To tell, or not to tell?

The Star Malaysia - Star2 - - LIVING -

I’M a 23-year-old male stu­dent. My dilemma be­gan years ago af­ter the death of my older brother, leav­ing me as the only male grand­child for both my fa­ther’s and mother’s side of the fam­ily.

In a Chi­nese fam­ily, there is al­ways a heavy re­spon­si­bil­ity placed on the sons of the fam­ily to carry on the fam­ily name (es­pe­cially if the grand­child is the only re­main­ing male heir of the fam­ily).

Un­for­tu­nately, I am un­able to carry out that duty, as I am gay.

I want to clar­ify that I’m per­fectly com­fort­able with be­ing gay and have ac­cepted my­self for who I am. I have ab­so­lutely no ro­man­tic or sex­ual at­trac­tion to­wards girls, and have a very high if not ex­treme, at­trac­tion to­wards guys which also pretty much crushes any chance of me leading a het­ero­sex­ual life.

How­ever, my dilemma is how to tell my fam­ily. Com­ing from a re­li­gious Catholic fam­ily, be­ing gay could very well be the great­est sin to them, and it would be very dif­fi­cult for them to ac­cept my ho­mo­sex­u­al­ity, es­pe­cially for my mother.

I refuse to live a life that is a lie, which might sub­ject my in­no­cent “wife and child(ren)” to un­nec­es­sary pain and suf­fer­ing, just so I can please my fam­ily and rel­a­tives. Some people may see me as a self­ish and un­fil­ial son, but liv­ing a lie would hurt more people in the end, and cause more pain and suf­fer­ing.

It’s prob­a­bly pos­si­ble not to say any­thing un­til I’m 30, be­fore rel­a­tives and fam­ily mem­bers get too sus­pi­cious about me not get­ting mar­ried. How­ever, I feel that wait­ing too long be­fore I come out of the closet might hurt them even more and crush the high hopes they have in me.

Therein lies the core of my dilemma. Should I wait be­fore com­ing out and give my fam­ily a few more years of bliss­ful ig­no­rance or should I be hon­est now so that they won’t waste their en­ergy and emo­tions plan­ning and hop­ing?

The main fear I have is that they won’t be able to ac­cept me for who I am. They could pos­si­bly dis­own me, or try var­i­ous meth­ods to “cure” my ho­mo­sex­u­al­ity and re­strict my life­style.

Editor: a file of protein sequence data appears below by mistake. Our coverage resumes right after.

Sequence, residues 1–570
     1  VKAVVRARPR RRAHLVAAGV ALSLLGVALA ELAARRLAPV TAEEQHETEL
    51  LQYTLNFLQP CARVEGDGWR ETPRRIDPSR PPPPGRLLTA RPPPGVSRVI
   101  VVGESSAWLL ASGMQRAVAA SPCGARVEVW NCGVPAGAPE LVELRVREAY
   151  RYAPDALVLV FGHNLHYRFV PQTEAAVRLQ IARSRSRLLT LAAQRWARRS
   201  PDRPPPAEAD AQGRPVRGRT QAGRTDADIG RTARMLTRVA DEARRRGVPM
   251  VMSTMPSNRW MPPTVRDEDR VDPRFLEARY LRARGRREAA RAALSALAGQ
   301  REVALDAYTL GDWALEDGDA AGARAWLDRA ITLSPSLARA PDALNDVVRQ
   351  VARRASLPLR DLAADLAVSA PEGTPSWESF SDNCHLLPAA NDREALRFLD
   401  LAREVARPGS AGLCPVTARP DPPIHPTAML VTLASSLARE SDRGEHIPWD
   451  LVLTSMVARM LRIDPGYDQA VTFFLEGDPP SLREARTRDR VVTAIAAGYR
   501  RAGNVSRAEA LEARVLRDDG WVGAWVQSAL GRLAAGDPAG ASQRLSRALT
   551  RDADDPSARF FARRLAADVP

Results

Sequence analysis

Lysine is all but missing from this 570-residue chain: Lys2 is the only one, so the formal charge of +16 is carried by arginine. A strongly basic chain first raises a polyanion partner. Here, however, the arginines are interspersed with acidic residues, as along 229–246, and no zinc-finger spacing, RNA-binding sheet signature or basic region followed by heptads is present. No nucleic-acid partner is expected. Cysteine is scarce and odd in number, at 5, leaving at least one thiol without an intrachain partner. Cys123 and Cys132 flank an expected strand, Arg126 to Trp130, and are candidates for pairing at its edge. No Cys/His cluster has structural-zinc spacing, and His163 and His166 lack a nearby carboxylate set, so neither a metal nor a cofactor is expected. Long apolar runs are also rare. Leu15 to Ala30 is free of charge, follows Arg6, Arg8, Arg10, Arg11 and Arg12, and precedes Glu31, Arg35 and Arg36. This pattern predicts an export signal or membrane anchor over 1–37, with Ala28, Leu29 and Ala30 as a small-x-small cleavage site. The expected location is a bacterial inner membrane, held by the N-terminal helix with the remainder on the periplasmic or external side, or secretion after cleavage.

The pos­si­bil­ity of re­jec­tion re­ally scares me, as I love my fam­ily. Please ad­vise.

Tip Of The Scales

YOUR dilemma is un­der­stand­able. It must not be easy for you to think about this sit­u­a­tion, let alone live it. But, just the fact that you are hav­ing such a dif­fi­cult time deal­ing with it is a sign of your un­selfish­ness, and shows your high re­gard to­wards your fil­ial duty.

Of course, it’s un­fair for all par­ties con­cerned for you to lead a life of lies and pre­tend to be het­ero­sex­ual. Many stud­ies have shown that this can cause deep and se­vere de­pres­sion in the per­son who is re­press­ing his/her sex­ual ori­en­ta­tion.

Also, stud­ies have also shown that so-called “cures” for gay people do not work. This was in the news re­cently when one of the early pro­po­nents of “repar­a­tive ther­apy” pub­licly apol­o­gised for his views and sub­ject­ing people to this mis­named cure.

Com­ing out is an im­por­tant part of a non­hetero­sex­ual per­son’s life. It is not just about let­ting oth­ers know about their sex­ual ori­en­ta­tion, but also a step to­wards leading a ful­fill­ing life.

It will al­low the per­son to be true to him/her­self and not have to lie. It en­ables the build­ing of trust in re­la­tion­ships and ul­ti­mately leads to the well-be­ing of all par­ties con­cerned.

It is of­ten said, though, that com­ing out is a process rather than an end goal. It is not some­thing you can put a time frame on, or hope to do over one an­nounce­ment. The more mean­ing­ful a re­la­tion­ship to you, the big­ger the in­vest­ment you have to make in the process.

Think about it: You prob­a­bly took some time and went through your own process of ac­cept­ing yourself and your sex­u­al­ity. Is it not then un­fair to ex­pect oth­ers – par­ents and fam­ily – to ac­cept it straight away?

Time is your best in­vest­ment. And, since you have it on your side, you should make the best of it. Start hav­ing con­ver­sa­tions with fam­ily mem­bers about sex­u­al­ity.

You do not have to be the cen­tre of it. Raise is­sues that are cur­rently in the news, or talk about “people you know” who have come out as gay. If your par­ents are re­li­gious, you can read up on the grow­ing re­li­gious per­spec­tive on ac­cept­ing non-het­ero­sex­ual sex­ual ori­enta- tions. The the­o­log­i­cal and aca­demic worlds are rife with the lat­est view­points and many of the opin­ions are far from what they used to be.

It is not just about ed­u­cat­ing your loved ones, but also about talk­ing about sex­u­al­ity. In many fam­i­lies, these things are just not dis­cussed, as they are re­garded as taboo. Just bear in mind, though, that you will be deal­ing with long­stand­ing views and you will need time to get your views through.

It is im­por­tant that you do not be­come de­fen­sive and take things per­son­ally. They are ex­press­ing their views on a topic, and it is not a re­flec­tion of what they think of you.

Don’t con­strain yourself with a time­line. Ques­tions about why you are not get­ting mar­ried, or if you have found a girl yet,are to be ex­pected. Do not feel pres­sured by it. Just re­mem­ber that there is no end to these ques­tions.

When there is a mar­riage, the next ques­tion will be when the baby is born. When the baby comes, people will ask when is the next one. You just have to re­sign yourself to the fact that you can­not make ev­ery­one happy.

So, you might as well spend all the en­ergy you need to make yourself happy.

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